Introduction to Mathematical Analysis I

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Beatriz Lafferriere, Portland State University
Gerardo Lafferriere, Portland State University
Mau Nam Nguyen, Portland State University

Pub Date: 2016

ISBN 13: 978-1-3656055-2-9

Publisher: Portland State University Library

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Table of Contents

Chapter 1: Tools for Analysis

1.1 Basic Concepts of Set Theory

1.2 Functions

1.3 The Natural Numbers and Mathematical Induction

1.4 Order Field Axioms

1.5 The Completeness Axiom for the Real Numbers

1.6 Applications of the Completeness Axiom

Chapter 2: Sequences

2.1 Convergence

2.2 Limit Theorems

2.3 Monotone Sequences

2.4 The Bolzano-Weierstrass Theorem

2.5 Limit Superior and Limit Inferior

2.6 Open Sets, Closed Sets, and Limit Points

Chapter 3: Limits and Continuity

3.1 Limits of Functions

3.2 Limit Theorems

3.3 Continuity

3.4 Properties of Continuous Functions

3.5 Uniform Continuity

3.6 Lower Semicontinuity and Upper Semicontinuity

Chapter 4: Differentiation

4.1 Definition and Basic Properties of the Derivative

4.2 The Mean Value of Theorem

4.3 Some Applications of the Mean Value Theorem

4.4 L’Hospital’s Rule

4.5 Taylor’s Theorem

4.6 Convex Functions and Derivatives

4.7 Nondifferentiable Convex Functions and Subdifferentials

Chapter 5: Solutions and Hints for Selected Exercises

About the Book

Our goal with this textbook is to provide students with a strong foundation in mathematical analysis. Such a foundation is crucial for future study of deeper topics of analysis. Students should be familiar with most of the concepts presented here after completing the calculus sequence. However, these concepts will be reinforced through rigorous proofs.

The lecture notes contain topics of real analysis usually covered in a 10-week course: the completeness axiom, sequences and convergence, continuity, and differentiation. The lecture notes also contain many well-selected exercises of various levels. Although these topics are written in a more abstract way compared with those available in some textbooks, teachers can choose to simplify them depending on the background of the students. For instance, rather than introducing the topology of the real line to students, related topological concepts can be replaced by more familiar concepts such as open and closed intervals. Some other topics such as lower and upper semicontinuity, differentiation of convex functions, and generalized differentiation of non-differentiable convex functions can be used as optional mathematical projects. In this way, the lecture notes are suitable for teaching students of different backgrounds.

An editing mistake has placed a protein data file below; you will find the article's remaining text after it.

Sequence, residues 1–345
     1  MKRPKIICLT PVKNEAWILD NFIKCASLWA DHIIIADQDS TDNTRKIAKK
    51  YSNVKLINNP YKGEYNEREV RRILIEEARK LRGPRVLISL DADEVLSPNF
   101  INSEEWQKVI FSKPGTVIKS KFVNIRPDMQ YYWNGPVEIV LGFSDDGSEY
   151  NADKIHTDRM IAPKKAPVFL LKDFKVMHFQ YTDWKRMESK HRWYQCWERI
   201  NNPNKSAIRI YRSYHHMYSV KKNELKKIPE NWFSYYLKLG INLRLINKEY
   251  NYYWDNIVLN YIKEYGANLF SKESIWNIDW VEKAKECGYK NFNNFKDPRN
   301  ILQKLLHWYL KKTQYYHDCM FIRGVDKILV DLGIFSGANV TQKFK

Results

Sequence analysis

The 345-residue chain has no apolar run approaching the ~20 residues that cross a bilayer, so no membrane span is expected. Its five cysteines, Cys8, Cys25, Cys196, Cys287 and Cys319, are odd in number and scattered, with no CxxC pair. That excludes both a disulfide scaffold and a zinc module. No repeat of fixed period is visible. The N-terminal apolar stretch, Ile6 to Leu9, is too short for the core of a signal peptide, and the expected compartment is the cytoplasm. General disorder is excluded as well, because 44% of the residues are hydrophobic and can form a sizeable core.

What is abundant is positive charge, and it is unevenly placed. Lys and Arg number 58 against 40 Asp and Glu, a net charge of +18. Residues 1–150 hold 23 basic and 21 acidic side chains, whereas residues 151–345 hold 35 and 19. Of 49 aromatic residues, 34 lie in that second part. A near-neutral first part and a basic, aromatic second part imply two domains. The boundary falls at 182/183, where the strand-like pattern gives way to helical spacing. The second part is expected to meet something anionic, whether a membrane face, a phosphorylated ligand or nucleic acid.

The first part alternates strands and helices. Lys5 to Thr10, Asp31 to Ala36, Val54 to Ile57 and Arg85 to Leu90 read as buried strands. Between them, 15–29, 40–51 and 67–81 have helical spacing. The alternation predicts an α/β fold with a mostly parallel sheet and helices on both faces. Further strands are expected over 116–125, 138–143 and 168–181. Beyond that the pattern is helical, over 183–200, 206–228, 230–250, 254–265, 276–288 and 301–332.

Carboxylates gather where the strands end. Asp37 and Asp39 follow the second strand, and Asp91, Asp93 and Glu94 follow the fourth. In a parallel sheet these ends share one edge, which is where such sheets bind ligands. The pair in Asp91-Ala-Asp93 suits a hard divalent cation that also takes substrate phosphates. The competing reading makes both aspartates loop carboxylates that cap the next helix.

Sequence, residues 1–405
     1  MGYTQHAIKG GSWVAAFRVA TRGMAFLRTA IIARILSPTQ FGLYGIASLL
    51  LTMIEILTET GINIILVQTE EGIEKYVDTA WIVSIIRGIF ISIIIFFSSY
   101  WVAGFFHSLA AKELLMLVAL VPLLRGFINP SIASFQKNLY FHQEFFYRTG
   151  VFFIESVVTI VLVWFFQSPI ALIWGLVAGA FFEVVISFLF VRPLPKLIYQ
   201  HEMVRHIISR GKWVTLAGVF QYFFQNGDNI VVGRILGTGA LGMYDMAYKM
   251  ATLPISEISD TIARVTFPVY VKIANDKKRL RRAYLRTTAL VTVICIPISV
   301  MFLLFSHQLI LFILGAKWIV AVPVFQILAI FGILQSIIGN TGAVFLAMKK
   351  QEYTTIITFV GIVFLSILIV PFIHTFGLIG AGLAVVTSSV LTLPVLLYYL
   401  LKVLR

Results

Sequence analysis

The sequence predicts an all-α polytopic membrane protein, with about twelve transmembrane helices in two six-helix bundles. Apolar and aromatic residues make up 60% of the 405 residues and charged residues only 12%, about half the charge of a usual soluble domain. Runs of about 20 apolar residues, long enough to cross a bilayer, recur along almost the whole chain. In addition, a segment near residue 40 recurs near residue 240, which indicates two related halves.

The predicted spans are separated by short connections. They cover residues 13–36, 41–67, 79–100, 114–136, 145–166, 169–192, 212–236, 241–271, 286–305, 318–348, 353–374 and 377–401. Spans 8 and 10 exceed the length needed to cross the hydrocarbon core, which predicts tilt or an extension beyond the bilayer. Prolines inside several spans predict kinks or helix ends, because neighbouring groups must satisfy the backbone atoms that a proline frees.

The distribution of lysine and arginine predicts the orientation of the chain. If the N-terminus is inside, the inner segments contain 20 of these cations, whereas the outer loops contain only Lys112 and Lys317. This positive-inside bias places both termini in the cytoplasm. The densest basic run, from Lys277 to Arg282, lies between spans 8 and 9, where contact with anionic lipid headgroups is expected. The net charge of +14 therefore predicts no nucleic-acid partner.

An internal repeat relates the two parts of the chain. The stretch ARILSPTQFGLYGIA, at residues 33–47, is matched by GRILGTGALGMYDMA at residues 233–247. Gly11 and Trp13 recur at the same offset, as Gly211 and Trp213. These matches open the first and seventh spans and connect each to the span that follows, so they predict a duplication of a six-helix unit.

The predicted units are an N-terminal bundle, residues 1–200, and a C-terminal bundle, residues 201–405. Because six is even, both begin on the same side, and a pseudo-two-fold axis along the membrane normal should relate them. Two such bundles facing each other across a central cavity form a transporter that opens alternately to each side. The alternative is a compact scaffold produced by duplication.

The second edition includes a number of improvements based on recommendations from students and colleagues and on our own experience teaching the course over the last several years.

In this edition we streamlined the narrative in several sections, added more proofs, many examples worked out in detail, and numerous new exercises. In all we added over 50 examples in the main text and 100 exercises (counting parts).

About the Contributors


Beatriz Lafferriere, Assistant Professor, Fariborz Maseeh Department of Mathematics and Statistics, Assistant Chair for Undergraduate Program, Director of Undergraduate Advising, Portland State University. PhD Rutgers University.

Gerardo Lafferriere, Professor, Fariborz Maseeh Department of Mathematics and Statistics, Portland State University. PhD Rutgers University. Area of Specialty: Mathematical Control Theory, Hybrid Systems, Mathematical Biology, Robotics

Mau Nam Nguyen, Associate Professor, Fariborz Maseeh Department of Mathematics and Statistics, Portland State University. Ph.D. 2007 Wayne State University. Area of Specialty: Variational & Convex Analysis, Mathematical Optimization, Non-Linear & Functional Analysis.